The reservoir would flood what’s left of the town of Sites, a town with just a handful of residents nestled in a valley of the coastal range mountains in rural Colusa County. The idea has been around since the 1950s, but it’s never had the money or the political will to move forward.
Once completed, the reservoir would hold about enough water to supply 3 million households for one year. It would be nearly twice the size of the most recent reservoir built in California, but is much smaller than some of the state’s better known lakes.
Project officials called the loan a “game-changer.”
Jerry Brown, left, and Kevin Spesert stand at what would be the bottom of the Sites Reservoir in Sites, Calif., on Friday, July 23, 2021. (AP Photo/Adam Beam, File)
3. California lawmakers vote to make abortions cheaper
California lawmakers on Thursday voted to make abortions much cheaper for people on private health insurance plans, bringing California closer to becoming the fourth state in the country to ban insurance fees for the procedure.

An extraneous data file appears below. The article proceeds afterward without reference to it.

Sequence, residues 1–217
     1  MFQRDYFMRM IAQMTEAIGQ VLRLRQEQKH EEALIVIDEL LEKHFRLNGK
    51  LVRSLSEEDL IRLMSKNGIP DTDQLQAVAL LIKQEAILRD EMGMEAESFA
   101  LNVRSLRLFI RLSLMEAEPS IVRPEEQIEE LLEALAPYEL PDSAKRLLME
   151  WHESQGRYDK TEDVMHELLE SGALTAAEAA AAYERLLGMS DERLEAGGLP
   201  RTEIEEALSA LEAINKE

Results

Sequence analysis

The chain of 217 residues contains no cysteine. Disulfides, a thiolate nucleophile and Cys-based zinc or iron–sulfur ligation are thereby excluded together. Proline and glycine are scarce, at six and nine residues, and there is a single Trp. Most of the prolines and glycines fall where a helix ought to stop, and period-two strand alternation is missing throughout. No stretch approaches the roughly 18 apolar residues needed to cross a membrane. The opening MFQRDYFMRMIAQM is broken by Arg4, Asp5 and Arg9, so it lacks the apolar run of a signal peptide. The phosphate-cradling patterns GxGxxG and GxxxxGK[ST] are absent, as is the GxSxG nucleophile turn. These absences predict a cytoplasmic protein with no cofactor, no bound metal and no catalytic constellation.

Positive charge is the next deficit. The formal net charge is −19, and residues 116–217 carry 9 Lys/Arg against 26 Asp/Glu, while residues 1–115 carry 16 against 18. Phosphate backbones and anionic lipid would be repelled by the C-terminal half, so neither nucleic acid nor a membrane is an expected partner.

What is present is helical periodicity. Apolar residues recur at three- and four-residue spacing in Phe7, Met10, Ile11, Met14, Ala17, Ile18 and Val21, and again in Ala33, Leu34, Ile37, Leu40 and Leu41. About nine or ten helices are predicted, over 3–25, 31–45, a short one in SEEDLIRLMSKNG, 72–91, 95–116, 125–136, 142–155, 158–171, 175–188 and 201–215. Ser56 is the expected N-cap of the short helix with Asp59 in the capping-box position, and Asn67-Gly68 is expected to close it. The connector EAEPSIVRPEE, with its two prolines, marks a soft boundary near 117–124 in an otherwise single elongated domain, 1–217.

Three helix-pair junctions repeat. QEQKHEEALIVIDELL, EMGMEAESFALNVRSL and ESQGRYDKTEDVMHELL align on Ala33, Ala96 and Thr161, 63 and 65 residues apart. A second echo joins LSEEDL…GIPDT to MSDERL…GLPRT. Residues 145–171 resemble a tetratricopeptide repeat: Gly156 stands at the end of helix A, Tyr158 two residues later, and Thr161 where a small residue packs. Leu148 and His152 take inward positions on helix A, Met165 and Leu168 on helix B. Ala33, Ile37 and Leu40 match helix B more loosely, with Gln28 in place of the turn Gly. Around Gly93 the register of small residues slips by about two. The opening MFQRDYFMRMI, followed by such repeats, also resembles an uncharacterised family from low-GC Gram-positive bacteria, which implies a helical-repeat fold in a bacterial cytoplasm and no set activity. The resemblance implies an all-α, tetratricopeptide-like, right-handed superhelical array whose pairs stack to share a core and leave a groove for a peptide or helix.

Thursday’s vote is part of lawmakers’ strategy to make reproductive care more accessible in preparation for a potential U.S. Supreme Court decision this summer that could overturn Roe v. Wade, the landmark 1973 case that banned states from outlawing abortions.
California already requires private health insurance plans to cover abortion services. But insurers are allowed to charge people things like co-pays and deductibles, which adds an average of $543 to the cost of a medication abortion and $887 to the cost of a procedural abortion, according to an analysis by the California Health Benefits Review Program.
The Assembly approved a bill that would eliminate out-of-pocket costs for abortions on private health plans. While the bill would reduce the cost of abortions, it would also slightly increase monthly premiums for patients and their employers. But the savings from eliminating out-of-pocket costs would be greater than the increase in monthly premiums.
4. Biden challenges building owners to improve air quality to reduce COVID spread
The White House on Thursday launched the Clean Air in Buildings Challenge, a call to action aimed at improving indoor air quality to make it harder for the virus to spread.